The battle for the eyeballs of a new generation of tech-savvy television viewers is heating up with Telecom set to launch an internet-television service.
Launch director Simon Hoegsbro said the Netflix-like service, called Lightbox, would be available "within weeks".
Priced at $15 a month, tt will be open to both Telecom and non-Telecom broadband customers, but Telecom customers would be offered an undisclosed discount.
The service will be free of advertising and will let subscribers watch TV shows over the internet at a time of their choosing. Films might be added later, Hoegsbro said.
Programmes could be watched on internet-connected devices such as computers, laptops and tablet computers.
Lightbox will compete with another subscription video-on-demand (SVOD) service that Sky Television plans to offer by the end of the year, as well as with existing services Quickflix and Ezyflix and, unofficially, with United States-based Netflix.
Hoegsbro said he couldn't compare Lightbox with Sky TV's forthcoming SVOD service as Sky had not yet provided details of its programming or pricing. Sky has said its service will offer television shows and films, but not sports which spokeswoman Kirsty Way said were best viewed live.
Lightbox will launch with 5000 hours of television, including drama series Vikings, Mad Men and 24 - Live Another Day starring Kiefer Sutherland.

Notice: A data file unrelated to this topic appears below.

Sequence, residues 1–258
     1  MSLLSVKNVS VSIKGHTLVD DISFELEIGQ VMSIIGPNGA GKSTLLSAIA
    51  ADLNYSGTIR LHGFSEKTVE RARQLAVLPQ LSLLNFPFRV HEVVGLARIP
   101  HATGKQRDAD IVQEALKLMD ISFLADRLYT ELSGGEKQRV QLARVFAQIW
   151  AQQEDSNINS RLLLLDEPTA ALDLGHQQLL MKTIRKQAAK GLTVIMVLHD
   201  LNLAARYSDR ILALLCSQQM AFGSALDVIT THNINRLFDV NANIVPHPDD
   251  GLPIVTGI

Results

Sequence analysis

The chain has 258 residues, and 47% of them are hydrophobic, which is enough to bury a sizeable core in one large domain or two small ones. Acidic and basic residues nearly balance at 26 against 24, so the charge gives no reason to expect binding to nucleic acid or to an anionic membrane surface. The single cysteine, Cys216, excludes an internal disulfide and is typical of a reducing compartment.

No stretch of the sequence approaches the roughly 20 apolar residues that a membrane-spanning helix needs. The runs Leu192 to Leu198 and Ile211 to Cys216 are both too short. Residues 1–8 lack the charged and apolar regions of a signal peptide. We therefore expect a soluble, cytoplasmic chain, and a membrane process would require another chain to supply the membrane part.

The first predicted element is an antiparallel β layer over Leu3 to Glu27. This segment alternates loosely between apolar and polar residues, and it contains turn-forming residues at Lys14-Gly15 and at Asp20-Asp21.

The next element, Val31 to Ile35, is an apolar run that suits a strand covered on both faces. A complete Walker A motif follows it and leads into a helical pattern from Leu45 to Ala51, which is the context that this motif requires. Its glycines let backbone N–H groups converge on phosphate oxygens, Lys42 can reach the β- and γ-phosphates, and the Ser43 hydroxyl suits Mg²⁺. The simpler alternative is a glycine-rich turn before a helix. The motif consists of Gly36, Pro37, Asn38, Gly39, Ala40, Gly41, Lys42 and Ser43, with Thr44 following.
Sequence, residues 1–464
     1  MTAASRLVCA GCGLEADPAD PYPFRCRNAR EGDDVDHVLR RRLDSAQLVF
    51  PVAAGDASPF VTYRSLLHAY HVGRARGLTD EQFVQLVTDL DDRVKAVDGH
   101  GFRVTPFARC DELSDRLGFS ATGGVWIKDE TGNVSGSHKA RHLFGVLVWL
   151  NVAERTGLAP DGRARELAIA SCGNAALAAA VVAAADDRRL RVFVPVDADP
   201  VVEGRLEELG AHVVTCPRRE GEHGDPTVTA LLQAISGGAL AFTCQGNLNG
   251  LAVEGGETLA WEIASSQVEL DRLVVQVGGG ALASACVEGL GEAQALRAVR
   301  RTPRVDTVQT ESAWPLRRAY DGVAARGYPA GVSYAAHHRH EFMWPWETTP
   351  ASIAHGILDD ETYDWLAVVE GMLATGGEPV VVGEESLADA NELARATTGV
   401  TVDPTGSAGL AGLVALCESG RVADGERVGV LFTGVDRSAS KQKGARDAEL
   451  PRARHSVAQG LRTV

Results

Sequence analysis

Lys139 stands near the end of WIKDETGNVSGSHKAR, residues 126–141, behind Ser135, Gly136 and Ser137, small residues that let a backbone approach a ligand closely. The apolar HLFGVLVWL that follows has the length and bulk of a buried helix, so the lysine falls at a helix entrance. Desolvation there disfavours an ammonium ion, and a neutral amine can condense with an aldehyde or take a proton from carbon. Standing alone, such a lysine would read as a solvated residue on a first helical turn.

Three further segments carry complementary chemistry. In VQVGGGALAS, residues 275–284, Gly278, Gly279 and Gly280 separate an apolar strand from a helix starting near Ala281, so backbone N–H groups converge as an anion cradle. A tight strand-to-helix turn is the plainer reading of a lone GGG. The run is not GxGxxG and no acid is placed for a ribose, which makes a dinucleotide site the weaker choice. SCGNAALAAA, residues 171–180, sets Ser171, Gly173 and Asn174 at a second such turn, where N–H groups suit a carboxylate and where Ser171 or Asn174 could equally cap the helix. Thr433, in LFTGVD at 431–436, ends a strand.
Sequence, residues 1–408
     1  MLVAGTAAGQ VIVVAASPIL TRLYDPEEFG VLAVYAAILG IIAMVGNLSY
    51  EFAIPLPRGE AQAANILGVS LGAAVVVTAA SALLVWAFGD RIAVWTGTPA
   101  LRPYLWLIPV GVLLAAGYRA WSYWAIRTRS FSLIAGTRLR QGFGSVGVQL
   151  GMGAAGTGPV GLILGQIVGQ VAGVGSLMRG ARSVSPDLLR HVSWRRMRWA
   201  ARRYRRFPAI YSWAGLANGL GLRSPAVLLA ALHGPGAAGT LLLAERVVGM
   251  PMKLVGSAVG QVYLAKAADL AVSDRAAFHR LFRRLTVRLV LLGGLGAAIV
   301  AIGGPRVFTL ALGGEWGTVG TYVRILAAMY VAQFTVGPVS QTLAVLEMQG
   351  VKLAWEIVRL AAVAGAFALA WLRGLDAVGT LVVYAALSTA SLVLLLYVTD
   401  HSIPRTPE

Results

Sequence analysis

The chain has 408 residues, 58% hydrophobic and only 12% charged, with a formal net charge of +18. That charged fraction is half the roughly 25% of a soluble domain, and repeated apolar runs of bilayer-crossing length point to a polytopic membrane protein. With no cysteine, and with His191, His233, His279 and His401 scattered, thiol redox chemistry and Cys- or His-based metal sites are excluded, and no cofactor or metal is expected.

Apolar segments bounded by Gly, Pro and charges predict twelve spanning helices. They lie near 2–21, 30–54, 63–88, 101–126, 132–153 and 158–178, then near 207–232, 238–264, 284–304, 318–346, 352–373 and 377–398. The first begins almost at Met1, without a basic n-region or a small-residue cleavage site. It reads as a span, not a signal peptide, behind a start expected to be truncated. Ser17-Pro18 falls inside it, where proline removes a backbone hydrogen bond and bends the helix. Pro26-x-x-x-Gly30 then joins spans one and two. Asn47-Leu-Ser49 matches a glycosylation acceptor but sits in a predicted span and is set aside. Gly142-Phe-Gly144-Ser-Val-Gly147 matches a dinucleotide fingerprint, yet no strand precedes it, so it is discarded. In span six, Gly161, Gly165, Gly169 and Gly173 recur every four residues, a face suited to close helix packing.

In many cases it would offer all the series of shows from their first episode, so viewers could enjoy a ''box set experience'', Hoegsbro said. The full line-up of shows will not be revealed until Lightbox launches.
Between 20,000 and 30,000 New Zealanders are believed to have signed up to Netflix, even though that is against the company's terms and conditions as Netflix does not own the rights to stream shows over the internet in New Zealand.
Sky TV chief executive John Fellet said last week that he did not believe Sky and Telecom's launch of SVOD services would prevent Netflix coming to New Zealand.
But Telecom spokesman Andrew Pirie said he had doubts. "The question is whether they will bother. The more successful we and competitors such as Sky are with our products, the less inclined we imagine they will be. New Zealand is probably a marginal market for a company like Netflix in the first place."
Neither Telecom nor Sky were able to confirm whether they had seen Netflix bid against them for the rights to stream programmes over the internet in New Zealand to date.
Telecom chief executive Simon Moutter said in May that Telecom's television service would have an annual budget of about $20 million.